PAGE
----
Corrective Pruning

Corrective Pruning

Follow Proper Pruning Techniques

Proper pruning enhances the beauty of almost any landscape tree and shrub, while improper pruning can ruin or greatly reduce its landscape potential. In most cases, it is better not to prune than to do it incorrectly. In nature, plants go years with little or no pruning, but man can ruin what nature has created. By using improper pruning methods healthy plants are often weakened or deformed. In nature, every plant eventually is pruned in some manner. It may be a simple matter of low branches being shaded by higher ones resulting in the formation of a collar around the base of the branch restricting the flow of moisture and nutrients. Eventually the leaves wither and die and the branch then drops off in a high wind or storm. Often, tender new branches of small plants are broken off by wild animals in their quest for food. In the long run, a plant growing naturally assumes the shape that allows it to make the best use of light in a given location and climate. All one needs to do to appreciate a plant’s ability to adapt itself to a location is to walk into a wilderness and see the beauty of natural growing plants.

Pruning, like any other skill, requires knowing what you are doing to achieve success. The old idea that anyone with a chain saw or a pruning saw can be a landscape pruner is far from the truth. More trees are killed or ruined each year from improper pruning than by pests. Remember that pruning is the removal or reduction of certain plant parts that are not required, that are no longer effective, or that are of no use to the plant. It is done to supply additional energy for the development of flowers, fruits, and limbs that remain on the plant. Pruning, which has several definitions, essentially involves removing plant parts to improve the health, landscape effect, or value of the plant. Once the objectives are determined and a few basic principles understood, pruning primarily is a matter of common sense.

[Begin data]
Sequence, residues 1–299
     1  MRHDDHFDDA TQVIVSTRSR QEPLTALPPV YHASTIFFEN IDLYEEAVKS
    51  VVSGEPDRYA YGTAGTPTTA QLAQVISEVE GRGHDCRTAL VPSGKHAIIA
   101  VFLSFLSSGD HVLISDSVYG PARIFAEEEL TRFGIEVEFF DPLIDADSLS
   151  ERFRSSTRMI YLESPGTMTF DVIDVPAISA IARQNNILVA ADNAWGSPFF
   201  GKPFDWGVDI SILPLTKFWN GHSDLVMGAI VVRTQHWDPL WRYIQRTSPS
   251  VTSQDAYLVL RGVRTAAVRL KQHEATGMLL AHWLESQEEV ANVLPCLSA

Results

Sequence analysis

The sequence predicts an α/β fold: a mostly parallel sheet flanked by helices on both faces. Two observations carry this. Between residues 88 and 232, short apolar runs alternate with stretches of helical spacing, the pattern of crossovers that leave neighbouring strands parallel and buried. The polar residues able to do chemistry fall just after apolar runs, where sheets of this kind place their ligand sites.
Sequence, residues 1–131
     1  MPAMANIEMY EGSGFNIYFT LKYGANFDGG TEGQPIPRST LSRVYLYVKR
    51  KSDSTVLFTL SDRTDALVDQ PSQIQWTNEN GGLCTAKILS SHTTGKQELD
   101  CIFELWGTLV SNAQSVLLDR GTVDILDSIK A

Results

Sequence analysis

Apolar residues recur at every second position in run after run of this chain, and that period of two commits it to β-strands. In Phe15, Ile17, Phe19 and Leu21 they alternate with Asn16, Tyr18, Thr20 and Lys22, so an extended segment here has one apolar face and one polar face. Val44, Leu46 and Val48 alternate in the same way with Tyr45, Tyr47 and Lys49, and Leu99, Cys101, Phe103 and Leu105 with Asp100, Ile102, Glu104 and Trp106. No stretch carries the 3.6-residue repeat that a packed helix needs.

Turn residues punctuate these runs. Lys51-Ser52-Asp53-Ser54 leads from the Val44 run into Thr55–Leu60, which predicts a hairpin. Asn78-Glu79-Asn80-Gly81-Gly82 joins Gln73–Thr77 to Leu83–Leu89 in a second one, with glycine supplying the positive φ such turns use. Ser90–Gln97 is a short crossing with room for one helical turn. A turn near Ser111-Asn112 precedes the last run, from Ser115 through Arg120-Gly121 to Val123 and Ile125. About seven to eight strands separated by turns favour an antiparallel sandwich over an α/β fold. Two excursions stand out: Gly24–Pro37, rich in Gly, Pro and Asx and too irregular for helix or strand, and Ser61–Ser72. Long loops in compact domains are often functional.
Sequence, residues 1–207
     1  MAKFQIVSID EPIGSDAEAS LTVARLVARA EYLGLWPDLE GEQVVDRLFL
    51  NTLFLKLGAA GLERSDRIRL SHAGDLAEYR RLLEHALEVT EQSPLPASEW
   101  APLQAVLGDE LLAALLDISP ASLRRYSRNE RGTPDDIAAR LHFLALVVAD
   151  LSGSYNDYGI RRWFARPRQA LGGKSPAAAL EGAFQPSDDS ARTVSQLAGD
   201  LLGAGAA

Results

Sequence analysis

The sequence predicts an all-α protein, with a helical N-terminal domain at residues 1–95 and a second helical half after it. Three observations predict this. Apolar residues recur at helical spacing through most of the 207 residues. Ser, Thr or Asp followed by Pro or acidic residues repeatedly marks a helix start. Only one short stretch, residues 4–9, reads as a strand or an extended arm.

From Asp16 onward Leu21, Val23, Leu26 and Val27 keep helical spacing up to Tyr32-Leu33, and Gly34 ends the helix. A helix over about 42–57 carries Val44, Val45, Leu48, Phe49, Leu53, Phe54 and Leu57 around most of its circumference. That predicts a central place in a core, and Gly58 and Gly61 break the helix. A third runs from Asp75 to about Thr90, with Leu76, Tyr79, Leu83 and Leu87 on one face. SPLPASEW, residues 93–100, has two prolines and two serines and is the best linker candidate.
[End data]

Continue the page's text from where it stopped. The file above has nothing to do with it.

The necessity for pruning can be reduced or eliminated by selecting the proper plant for the location. Plants that might grow too large for the site, are not entirely hardy, or become unsightly with age should be used wisely and kept to a minimum in the landscape plan. Advances in plant breeding and selection in the nursery industry provide a wide assortment of plants requiring little or no pruning. However, even the most suitable landscape plants often require some pruning. The guidelines presented in this publication should be helpful when pruning any plant.

Reasons for Pruning:

  • To train the plant
  • To maintain plant health
  • To improve the quality of flowers, fruit, foliage or stems
  • To restrict growth

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